Extracorporeal Shockwave Lithotripsy (ESWL)
Extracorporeal shockwave lithotripsy (ESWL) is a minimally invasive procedure for treating kidney stones. Shock waves are applied externally targeted at the stone, to fragment it within the urinary tract. The patient will then need to drink lots of water and pass the fragments over the following weeks. The success rate is 70% to 90% of stone passage within 3 months of treatment.
It is considered less invasive compared to other treatment options such as kidney or ureteric laser stone surgery, or percutaneous nephrolithotomy (PCNL). However, not all stones can be treated with this.
- Effective for smaller stones (<2cm), ideally in the mid or upper kidney, or upper ureter.
- Not as effective if the stone is big (>2.5cm) or located in the lower part of the kidney, as these have a lower chance of passing spontaneously after fragmentation.
- Not effective if the stone is very hard (e.g., cystine stone).
- Not suitable for patients with a bleeding disorder or those who cannot stop blood thinning medications.
- Not effective in very obese patients.
- Not effective if there is a known narrowing or scarring below the stone in the urinary tract.
If you are taking blood thinners or certain newer diabetic medications, please inform your doctor as these may have to be stopped before the surgery.
If you are having a general anaesthetic or IV sedation, you will need to fast for at least 6 hours before the surgery.
Your doctor may require you to have blood tests or a urine test prior to the surgery.
Inform your doctor if you have a cardiac pacemaker, as certain types need to have the programming modified.
See preparing for surgery, for more detailed instructions.
It is done under general anaesthesia or IV sedation. Intravenous antibiotics are given. It takes about 45 – 60 minutes. There is no skin incision involved.
Sometimes a stent is pre-inserted (JJ stent insertion) to prevent pain, when it is anticipated the stone fragments can line up in the ureter to cause obstruction (steinstrasse).
The patient is positioned on top of a soft gel-like cushion, through which the shockwaves pass. Using X-ray or ultrasound, the stone is visualised and targeted. Up to 4000 shockwaves may be used in one session.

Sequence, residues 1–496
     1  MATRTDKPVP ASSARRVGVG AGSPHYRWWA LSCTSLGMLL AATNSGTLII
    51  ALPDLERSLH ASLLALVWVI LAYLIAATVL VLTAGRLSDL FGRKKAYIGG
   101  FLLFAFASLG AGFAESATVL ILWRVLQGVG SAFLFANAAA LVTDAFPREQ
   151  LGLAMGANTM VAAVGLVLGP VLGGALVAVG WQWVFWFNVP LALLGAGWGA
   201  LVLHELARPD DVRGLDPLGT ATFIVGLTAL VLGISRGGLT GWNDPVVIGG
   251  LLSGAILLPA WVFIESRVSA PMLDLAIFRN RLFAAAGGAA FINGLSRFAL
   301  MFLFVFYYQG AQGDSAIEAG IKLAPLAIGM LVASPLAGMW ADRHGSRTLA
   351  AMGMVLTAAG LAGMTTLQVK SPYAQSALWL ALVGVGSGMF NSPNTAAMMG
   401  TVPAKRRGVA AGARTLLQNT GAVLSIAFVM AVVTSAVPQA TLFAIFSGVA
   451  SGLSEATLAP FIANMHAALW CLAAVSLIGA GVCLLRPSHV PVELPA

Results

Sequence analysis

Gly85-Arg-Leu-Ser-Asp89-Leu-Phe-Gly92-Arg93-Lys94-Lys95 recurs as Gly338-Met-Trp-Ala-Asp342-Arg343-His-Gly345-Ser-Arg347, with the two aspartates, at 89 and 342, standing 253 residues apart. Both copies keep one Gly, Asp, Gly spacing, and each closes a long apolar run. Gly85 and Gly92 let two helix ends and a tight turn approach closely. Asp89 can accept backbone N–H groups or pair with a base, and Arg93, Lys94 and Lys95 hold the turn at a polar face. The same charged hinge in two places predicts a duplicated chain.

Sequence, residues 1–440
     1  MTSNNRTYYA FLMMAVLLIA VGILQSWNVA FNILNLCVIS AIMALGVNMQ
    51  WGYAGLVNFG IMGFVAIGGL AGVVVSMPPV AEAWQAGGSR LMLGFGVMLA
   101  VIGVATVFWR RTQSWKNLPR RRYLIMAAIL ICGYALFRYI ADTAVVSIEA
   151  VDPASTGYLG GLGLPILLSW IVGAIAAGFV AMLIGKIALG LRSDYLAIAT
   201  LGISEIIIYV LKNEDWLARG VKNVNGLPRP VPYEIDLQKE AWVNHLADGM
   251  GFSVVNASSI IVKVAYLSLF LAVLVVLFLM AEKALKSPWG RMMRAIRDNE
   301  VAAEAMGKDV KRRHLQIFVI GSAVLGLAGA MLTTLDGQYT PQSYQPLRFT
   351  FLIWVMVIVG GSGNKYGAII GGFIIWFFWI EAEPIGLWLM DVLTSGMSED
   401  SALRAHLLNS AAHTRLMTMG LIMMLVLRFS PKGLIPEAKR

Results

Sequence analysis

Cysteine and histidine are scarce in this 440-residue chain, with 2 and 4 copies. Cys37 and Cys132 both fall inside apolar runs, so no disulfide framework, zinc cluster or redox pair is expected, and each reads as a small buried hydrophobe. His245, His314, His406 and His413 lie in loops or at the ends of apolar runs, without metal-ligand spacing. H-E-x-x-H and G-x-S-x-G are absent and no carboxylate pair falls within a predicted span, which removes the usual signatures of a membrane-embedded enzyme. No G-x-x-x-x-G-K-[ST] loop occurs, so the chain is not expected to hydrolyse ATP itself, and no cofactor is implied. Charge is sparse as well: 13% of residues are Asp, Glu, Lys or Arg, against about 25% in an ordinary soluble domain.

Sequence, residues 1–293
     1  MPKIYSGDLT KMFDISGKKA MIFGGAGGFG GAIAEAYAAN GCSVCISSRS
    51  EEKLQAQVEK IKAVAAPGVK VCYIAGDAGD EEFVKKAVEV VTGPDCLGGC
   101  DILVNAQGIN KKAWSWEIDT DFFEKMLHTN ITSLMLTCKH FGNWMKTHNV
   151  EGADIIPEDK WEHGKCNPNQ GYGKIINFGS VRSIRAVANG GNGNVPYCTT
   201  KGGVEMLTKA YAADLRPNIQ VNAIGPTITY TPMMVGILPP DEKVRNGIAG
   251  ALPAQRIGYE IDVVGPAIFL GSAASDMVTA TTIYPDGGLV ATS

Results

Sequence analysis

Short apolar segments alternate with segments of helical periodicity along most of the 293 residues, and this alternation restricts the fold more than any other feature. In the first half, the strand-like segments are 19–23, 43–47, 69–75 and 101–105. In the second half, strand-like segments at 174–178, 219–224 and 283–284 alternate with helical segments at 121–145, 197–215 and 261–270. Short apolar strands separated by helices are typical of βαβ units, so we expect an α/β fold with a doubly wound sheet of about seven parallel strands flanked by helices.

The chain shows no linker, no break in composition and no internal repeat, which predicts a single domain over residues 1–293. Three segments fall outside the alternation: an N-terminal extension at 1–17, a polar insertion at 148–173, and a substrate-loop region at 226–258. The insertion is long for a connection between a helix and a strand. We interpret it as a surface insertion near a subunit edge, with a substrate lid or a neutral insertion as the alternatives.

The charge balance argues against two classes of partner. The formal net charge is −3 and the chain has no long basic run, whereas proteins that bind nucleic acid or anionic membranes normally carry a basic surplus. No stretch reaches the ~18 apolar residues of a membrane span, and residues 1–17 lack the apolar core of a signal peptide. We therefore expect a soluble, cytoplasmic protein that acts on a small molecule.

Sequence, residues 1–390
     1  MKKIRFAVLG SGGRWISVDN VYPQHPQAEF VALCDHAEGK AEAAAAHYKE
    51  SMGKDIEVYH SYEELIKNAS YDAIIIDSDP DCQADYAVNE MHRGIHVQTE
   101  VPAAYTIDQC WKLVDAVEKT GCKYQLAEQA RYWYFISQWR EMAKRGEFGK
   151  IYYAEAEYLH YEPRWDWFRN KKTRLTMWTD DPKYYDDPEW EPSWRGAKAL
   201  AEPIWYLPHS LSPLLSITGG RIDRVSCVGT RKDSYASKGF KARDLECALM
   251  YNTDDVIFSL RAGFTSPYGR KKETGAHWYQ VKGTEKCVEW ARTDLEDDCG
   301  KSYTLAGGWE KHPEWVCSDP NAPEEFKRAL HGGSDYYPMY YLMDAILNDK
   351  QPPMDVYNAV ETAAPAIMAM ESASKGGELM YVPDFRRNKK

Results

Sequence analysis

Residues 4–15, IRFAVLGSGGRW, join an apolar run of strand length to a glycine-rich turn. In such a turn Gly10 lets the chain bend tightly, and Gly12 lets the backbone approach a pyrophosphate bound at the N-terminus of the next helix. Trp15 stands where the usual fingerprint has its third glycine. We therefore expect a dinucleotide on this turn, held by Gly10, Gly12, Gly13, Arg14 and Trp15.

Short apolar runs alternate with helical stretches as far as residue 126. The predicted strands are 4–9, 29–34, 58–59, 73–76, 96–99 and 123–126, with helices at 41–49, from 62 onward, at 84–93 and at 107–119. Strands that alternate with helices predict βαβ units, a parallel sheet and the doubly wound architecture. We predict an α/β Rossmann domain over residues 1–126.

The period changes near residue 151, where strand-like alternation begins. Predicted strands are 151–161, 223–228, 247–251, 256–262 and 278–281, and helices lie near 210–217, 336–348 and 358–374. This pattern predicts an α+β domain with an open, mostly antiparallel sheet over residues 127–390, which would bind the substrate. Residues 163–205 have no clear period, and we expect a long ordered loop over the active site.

This is usually a day procedure and the patient can go home after the surgery.
If a general anaesthetic or IV sedation is given, it is advisable that someone else drive you home. Do not undertake any of the following activities for 24 hours: driving a car, operating machinery, handling hot cooking instruments, or drinking alcohol.
You may get mild bleeding in the urine in the first few days. If you get heavy bleeding with large blood clots, inform your doctor.
Watch for signs of urine infection such as persistent burning, foul-smelling urine, cloudy urine, and urinary frequency. This may be from a release of bacteria trapped in the stone, or from the blockage of urine from stone fragments in the ureter. Antibiotics are given during the surgery and some patients may be discharged on oral antibiotics to prevent this. See your GP if this happens to get the urine tested in case you need more or different antibiotics.
You may get mild bruising or grazing of the skin of the back where the shockwaves go through. Take your pain medication as indicated.
If you get colicky pain, it may be from the stone fragments passing down the ureter. Uncommonly, if the fragments line up and get stuck, the pain will be prolonged and severe. Inform your doctor as some patients may need another procedure to remove these fragments.
Most patients can resume normal activities or go back to work within 1 to 3 days after the procedure.
Attend the post-op appointment for your doctor to check your progress. Usually, another ultrasound or X-ray test will be done around 3 months after the procedure to check if all the fragments have passed.
- Anaesthetic risks such as heart or lung problems.
- Bleeding – it is uncommon to need a blood transfusion for this surgery.
- Clots in the legs (DVT) or pulmonary emboli.
- Chest infection, urinary tract infection.
- Allergic reactions (e.g., to dressings, drugs etc.) – inform us if you have any known allergies.
- Risk of death is a very rare complication that may arise from any surgery or anaesthetic. Modern medicine and anaesthesia have made this extremely rare. The risk varies with each individual’s general health conditions and the complexity of the surgery. The ESWL surgery is not considered to be a major surgery.
- Mild skin bruising or grazing (common, 10% to 50%).
- Incomplete clearance of stone – some patients may require another procedure to fully clear all the fragments.
- Severe bleeding causing loss of kidney (very rare).
- Abnormal heart rhythm during the procedure (uncommon).
- Injury to nearby organ (e.g., spleen, liver, pancreas, lung, bowel). This is very rare.
See kidney stones, for other treatment alternatives.